The stopping distance is the distance between when the driver notices the danger and when the car comes to a complete stop. This includes the thinking distance and the braking distance. So:
Stopping distance = Thinking distance + Braking distance
Thinking distance is the distance the vehicle travels during the driver’s reaction time. The reaction time is the time between when the driver sees the hazard and when they apply the brakes.
Speed is a factor which affects the thinking distance. The faster the vehicle is travelling, the further it will travel during the driver’s reaction time. This increases the thinking distance. So, a longer distance is required to brake, with the same braking force.
Although the reaction time varies between different people, Increasing the reaction time of the driver increases the thinking distance. The following factors increase the driver’s reaction time: The driver’s reaction time can increase if the driver is:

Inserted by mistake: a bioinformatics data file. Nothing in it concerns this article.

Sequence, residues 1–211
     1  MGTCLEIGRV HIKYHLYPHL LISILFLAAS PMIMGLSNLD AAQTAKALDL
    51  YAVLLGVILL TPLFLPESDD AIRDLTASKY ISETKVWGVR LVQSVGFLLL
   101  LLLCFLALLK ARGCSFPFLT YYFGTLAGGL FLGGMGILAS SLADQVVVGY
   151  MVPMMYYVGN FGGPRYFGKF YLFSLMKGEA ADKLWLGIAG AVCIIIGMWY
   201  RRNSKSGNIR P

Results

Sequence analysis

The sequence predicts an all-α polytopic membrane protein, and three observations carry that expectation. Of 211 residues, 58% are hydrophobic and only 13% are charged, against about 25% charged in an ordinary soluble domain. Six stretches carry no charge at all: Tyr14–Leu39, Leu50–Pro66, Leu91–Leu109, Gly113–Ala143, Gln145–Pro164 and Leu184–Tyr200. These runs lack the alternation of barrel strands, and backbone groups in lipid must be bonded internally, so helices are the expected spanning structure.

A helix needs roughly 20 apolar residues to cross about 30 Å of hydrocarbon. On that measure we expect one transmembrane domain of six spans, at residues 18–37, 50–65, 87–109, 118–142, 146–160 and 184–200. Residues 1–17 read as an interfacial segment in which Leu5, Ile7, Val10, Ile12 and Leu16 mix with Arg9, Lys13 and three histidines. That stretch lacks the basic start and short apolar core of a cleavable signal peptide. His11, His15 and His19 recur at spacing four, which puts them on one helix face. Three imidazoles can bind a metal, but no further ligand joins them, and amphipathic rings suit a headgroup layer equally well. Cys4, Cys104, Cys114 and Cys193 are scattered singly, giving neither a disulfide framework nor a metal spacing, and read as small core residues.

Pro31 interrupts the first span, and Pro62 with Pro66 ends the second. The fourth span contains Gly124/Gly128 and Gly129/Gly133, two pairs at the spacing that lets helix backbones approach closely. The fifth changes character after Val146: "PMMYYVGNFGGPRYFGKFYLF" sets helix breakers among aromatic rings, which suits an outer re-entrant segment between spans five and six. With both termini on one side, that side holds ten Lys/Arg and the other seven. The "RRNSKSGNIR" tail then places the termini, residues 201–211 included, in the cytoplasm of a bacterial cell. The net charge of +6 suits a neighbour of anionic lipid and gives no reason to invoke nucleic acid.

Braking distance is the distance the car travels once the driver has applied the brakes before it comes to a complete stop. The factors that affect the braking distance are:
When a force is applied to the brakes, work is done by the frictional force between the brakes and the wheels. This reduces the kinetic energy of the vehicle, transferring it to the brakes. The car’s kinetic energy decreases and the brakes’ thermal energy increases, causing it to heat up.
To stop a vehicle from travelling at a high speed, a larger braking force must be applied. However, this can overheat the brakes because more kinetic energy is transferred to thermal energy. A larger braking force can also cause the driver to lose control of the vehicle.